Wednesday, July 30, 2008

We Are All Theodore Roosevelts Now

While I have yet to conduct an empirical analysis, I can say with near certainty that the past couple of months have featured more odd references and comparisons to Theodore Roosevelt than to any other figure in American history. Christopher Nolan apparently remarked that his reincarnated Batman is based on a particular reading of Edmund Morris' The Rise of Theodore Roosevelt. Today, we learn that an ABC interviewer once compared Osama Bin Laden to TR--in an interview with Bin Laden in the late 1990s. By far the most frequent obeisance to Teddy has come from the McCain campaign and its minions, a subject I will return to later. (For a head start, see McCain sample rousing TR speech in a recent campaign ad, and the usually accurate Eric Rauchway who opines that Roosevelt was kind of different.)

Everyone, it seems, has his or her uses for the brilliant, complicated, and inconsistent Teddy these days. I am no exception. My interest in TR, like many others I suspect, was aroused by reading John Cooper's excellent Warrior and the Priest this summer. Together with T.J. Jackson Lears' No Place of Grace: Antimodernism and the Transformation of American Culture, 1880-1920, a far different picture of TR emerged than the one I had previously imagined. Given that TR was a president during this period we call the Progressive era, I had always grappled with Roosevelt as a figure dealing with the same emerging broad problems most historians have associated with the time: as a member of a particular class and ethnic background whose influence was quickly waning; as the executive of the state in an age of the first billion dollar trust; and as commander and chief in the years following America's first successful attempt to expand its economic and political power outside of the continent. The dominant ideology of Roosevelt I had always took be simple: the need and will to assert the power of the nation-state so as to put big business (that is, monopoly capitalism) in its place. Thus, although Roosevelt was in practice not much of a "trust buster," as we are taught in school, it was true that should a company egregiously overstep its boundaries contrary to the express wishes of the government, it would be prosecuted. Likewise, if big business thought U.S. foreign policy should dedicate itself to providing predictable commitments to secure their investments, they would discover that it was hegemony, not merely economic power, that drove the government, etc.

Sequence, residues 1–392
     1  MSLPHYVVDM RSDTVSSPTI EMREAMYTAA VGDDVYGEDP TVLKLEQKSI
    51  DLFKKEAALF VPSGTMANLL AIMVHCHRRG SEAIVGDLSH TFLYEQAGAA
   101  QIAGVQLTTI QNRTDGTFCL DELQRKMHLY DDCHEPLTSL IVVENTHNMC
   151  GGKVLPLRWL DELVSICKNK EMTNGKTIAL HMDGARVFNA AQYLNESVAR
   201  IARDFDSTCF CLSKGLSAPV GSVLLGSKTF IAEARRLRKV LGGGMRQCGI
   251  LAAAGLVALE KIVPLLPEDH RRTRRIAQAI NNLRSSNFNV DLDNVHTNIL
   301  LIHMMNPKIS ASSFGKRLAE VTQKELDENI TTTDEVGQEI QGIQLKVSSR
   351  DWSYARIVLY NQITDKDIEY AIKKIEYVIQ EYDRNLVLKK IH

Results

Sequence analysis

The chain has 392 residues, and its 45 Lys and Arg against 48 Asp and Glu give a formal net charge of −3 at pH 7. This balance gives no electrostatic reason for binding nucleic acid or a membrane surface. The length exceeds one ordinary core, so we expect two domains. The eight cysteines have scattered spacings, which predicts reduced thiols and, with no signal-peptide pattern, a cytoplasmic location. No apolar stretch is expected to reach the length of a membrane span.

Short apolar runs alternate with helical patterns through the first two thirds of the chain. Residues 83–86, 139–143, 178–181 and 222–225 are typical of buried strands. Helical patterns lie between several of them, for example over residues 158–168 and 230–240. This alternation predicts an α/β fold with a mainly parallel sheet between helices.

What the Cooper and Lears books demonstrate, however, is that the implications of Roosevelt's
ideology were quite contrary to the dominant trends of the time. His embrace of the "strenuous life," of militarism, and national greatness he believed could come only at the expense of America's obsessive concern with material possessions. While economic issues had always dominated political debate among the average American voter--currency and tariff reform being the two most salient--Roosevelt believed the cure to the nation's ills lay elsewhere, via non-economic and material means. As Cooper wrote, "with his heroic virtues and renunciation of materialism, he represented a road not taken for American conservatism" (219).

With McCain, I do think we are seeing conservatism take this road. His and TR's shared militarism and "America is awesome and should be awesome" project in many ways explain why they both put economic matters in a distant second. The daily material concerns of Americans is beneath them and insignificant when measured against the such unifying and edifying activities as public service, military victory, and minor though symbolic domestic reforms. I can neither recall nor imagine any other candidate, other than these two who in the history of this country would readily admit that he was not adequately informed (or concerned) with economics. While the jury is still out as to what this kind of conservatism would actually amount to, I have a feeling there's a reason American conservatives have eschewed it.


Blogger Scantron said...

I can't speak for the Teddy bits, but what makes you think McCain is like TR qua "renunciation of materialism"? There's a difference between degrees of emphasis and personal codes of ethics. The fact that "the daily material concerns of Americans [are] beneath [him]" is more easily answered by a purely negative reason, i.e. "he doesn't care about their material concerns because he isn't affected by those conditions," than by an attribution of principle, i.e. "he doesn't care because he thinks we shouldn't care because there are better things."

Note also that when you call his interest in economics "a distant second" you are still saying it occupies the secondary position, which is no mean place to be (compared with, say, 14th).

Did George W Bush tout his knowledge of economics? Did Reagan? Does any Republican run on an economic platform other than cut taxes, cut spending, and "free" trade? Those are precisely the things McCain's economic advisor Nancy Pfotenhauer said on the Newshour yesterday. It may be that circumstances in the economy have changed and it seems perverse for Republicans to rely so lazily on these bromides now, but they are part of a continuity, and don't in my mind mark a change.

Obama certainly does look like the more economically informed candidate here, though. His recent meetings with Bernanke, Paulson, Volcker, Summers, Buffett, and Rubin show his concern to look serious (McCain has met with Bernanke and Paulson too, though). Wall Street has more than come to terms with Obama as well -- this will probably be the first time since 1994 securities and investment has spent more on Dems than the GOP.

11:16 PM  

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